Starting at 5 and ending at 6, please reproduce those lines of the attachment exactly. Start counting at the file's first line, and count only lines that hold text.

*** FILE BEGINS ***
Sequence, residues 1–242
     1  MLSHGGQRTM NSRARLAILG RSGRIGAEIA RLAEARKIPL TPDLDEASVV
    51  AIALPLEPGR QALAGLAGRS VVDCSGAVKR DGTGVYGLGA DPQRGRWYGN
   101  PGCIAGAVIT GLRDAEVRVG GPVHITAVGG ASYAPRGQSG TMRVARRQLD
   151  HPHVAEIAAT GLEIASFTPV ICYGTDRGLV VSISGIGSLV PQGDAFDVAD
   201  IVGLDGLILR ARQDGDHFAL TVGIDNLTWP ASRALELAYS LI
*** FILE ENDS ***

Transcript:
   151  HPHVAEIAAT GLEIASFTPV ICYGTDRGLV VSISGIGSLV PQGDAFDVAD
   201  IVGLDGLILR ARQDGDHFAL TVGIDNLTWP ASRALELAYS LI